Stage 6: Mulhouse – La Planche des Belles Filles

Last time we came up to La Planche des Belles Filles, Fabio Aru won atop the mountain after passing through the Plateau des Mille Étangs. This year, we approached the mountain from the east, starting at Mulhouse, upstream from Colmar along the Ill in the Rhine Valley, so we only skirted the southern edge of the Mille Étangs. We did catch some glimpses of a few tiny lakes and reservoirs tucked away in the little valleys, such as the lac de la Lauch on the way up the Grand Ballon and the lac d’Alfeld and its smaller sibling, the lac de Sewen up to the Ballon d’Alsace.

The Lac de la Lauch (source)

The Lauch is the same river that runs through Colmar’s Little Venice, but before it gets there, it runs out of the Vosges Mountains through a valley called the Florival. Industrialists in the valley decided that they needed to supplement the water supply coming from the lac du Ballon, which lies just beneath the summit of the Grand Ballon, so they financed surveys for a new dam out of their own pockets. Construction on that dam began in 1889 and was finished by 1894, impounding eleven hectares to form the lac de la Lauch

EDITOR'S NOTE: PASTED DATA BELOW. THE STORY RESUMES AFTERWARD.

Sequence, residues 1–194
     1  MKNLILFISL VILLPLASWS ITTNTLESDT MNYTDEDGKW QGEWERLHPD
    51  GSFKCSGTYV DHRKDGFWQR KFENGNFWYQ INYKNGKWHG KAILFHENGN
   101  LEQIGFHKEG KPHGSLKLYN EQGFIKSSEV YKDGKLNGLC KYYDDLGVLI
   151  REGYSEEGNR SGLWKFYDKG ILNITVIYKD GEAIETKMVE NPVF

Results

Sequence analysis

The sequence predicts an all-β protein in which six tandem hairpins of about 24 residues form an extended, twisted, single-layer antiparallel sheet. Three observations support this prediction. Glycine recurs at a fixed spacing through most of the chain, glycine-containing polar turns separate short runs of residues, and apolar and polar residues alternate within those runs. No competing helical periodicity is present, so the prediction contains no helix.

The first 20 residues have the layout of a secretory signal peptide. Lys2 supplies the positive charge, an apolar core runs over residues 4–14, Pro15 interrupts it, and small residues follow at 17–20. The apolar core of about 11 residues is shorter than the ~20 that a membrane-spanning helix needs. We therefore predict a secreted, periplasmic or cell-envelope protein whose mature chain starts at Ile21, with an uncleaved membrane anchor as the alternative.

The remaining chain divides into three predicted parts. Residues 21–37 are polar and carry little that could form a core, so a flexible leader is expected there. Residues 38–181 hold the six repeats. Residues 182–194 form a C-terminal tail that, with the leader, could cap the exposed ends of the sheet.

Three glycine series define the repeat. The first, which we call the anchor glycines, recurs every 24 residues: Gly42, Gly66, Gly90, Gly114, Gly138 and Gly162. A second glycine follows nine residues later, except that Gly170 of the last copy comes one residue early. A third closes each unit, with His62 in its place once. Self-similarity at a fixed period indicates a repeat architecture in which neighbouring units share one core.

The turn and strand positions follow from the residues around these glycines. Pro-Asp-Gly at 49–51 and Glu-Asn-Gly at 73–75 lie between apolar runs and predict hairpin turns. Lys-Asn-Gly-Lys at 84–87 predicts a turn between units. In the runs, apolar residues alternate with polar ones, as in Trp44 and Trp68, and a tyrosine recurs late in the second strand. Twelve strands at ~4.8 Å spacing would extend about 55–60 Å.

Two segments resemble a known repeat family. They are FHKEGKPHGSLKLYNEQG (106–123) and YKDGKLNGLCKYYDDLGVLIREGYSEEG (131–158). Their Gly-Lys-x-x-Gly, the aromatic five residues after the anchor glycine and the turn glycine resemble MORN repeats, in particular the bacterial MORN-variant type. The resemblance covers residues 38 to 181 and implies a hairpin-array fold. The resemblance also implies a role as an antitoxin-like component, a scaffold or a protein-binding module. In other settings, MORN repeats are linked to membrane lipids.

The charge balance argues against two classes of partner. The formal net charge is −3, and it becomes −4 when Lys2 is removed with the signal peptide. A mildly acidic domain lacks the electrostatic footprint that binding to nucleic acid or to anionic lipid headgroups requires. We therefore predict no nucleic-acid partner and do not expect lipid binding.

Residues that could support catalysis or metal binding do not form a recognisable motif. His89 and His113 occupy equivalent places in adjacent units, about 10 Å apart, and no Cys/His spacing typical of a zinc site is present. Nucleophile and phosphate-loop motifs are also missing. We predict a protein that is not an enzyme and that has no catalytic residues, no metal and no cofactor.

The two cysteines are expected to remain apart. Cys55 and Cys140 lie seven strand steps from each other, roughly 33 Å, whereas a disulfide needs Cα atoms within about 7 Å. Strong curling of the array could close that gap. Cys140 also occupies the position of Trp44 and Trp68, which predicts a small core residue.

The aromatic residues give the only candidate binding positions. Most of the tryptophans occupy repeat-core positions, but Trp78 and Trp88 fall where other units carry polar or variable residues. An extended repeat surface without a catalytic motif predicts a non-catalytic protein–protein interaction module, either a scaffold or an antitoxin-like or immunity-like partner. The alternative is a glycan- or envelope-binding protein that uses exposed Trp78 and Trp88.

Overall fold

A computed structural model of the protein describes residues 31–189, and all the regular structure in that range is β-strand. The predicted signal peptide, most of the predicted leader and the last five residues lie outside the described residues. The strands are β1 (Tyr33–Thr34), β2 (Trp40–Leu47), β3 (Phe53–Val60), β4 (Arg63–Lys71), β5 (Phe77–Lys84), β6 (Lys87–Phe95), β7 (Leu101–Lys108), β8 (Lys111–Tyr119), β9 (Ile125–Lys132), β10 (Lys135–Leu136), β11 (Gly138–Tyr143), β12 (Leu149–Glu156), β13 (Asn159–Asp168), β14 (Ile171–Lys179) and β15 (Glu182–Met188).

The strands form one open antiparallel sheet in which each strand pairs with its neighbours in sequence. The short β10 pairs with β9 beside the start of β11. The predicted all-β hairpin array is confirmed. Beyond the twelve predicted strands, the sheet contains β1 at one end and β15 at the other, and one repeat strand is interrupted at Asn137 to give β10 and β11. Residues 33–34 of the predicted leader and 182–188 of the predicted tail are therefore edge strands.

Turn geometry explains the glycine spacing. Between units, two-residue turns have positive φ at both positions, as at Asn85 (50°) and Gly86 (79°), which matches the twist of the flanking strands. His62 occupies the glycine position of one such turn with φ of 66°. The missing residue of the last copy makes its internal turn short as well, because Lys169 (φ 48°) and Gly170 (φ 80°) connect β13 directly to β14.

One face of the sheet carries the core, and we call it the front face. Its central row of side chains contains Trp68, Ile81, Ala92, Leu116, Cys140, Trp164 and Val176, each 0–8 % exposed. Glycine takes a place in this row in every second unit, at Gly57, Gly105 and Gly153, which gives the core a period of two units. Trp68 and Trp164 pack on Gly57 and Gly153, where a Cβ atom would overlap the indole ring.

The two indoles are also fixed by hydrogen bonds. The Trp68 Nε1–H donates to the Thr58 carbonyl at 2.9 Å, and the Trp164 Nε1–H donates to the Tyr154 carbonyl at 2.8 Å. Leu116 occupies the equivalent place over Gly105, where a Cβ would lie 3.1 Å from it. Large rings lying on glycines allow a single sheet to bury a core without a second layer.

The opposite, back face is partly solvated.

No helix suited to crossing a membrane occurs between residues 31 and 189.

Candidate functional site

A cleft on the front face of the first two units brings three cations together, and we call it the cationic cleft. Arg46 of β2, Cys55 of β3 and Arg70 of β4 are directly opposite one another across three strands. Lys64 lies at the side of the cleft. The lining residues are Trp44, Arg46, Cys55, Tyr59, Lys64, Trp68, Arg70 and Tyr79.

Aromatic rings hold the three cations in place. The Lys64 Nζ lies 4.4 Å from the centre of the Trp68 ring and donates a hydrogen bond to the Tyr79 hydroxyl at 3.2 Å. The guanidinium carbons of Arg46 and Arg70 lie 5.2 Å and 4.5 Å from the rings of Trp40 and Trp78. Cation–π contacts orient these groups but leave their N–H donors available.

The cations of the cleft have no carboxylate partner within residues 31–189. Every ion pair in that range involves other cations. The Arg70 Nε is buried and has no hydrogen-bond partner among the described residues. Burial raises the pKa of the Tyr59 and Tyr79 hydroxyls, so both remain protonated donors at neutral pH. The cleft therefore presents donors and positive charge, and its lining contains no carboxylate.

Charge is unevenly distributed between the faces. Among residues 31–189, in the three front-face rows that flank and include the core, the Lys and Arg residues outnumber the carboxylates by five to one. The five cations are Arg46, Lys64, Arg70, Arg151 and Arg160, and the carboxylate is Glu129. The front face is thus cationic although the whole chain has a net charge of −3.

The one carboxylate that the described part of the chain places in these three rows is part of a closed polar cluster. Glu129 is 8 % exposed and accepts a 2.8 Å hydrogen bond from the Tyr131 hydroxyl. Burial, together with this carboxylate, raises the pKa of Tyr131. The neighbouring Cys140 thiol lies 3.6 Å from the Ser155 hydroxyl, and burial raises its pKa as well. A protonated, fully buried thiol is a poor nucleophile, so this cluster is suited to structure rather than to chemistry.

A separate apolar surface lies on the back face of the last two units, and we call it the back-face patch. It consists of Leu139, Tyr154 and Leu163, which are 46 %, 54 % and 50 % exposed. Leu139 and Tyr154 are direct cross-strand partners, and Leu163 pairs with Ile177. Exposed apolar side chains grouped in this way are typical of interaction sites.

The lacs d’Alfeld (foreground) and de Sewen (background). (source: Espirat CC-BY-SA 4.0)

The lacs d’Alfeld and Sewen sit on the Seebach, a tributary of the Doller two valleys southwest from the Lauch. The Germans built the dam at Alfeld around the same time at the one on the Lauch. The lac de Sewen, however, is a natural glacial lake and is surrounded by peatlands that are slowly encroaching on the lake, shrinking it from around thirty hectares to just six today.

A view from the peat bog surrounding the lac de Sewen (source)

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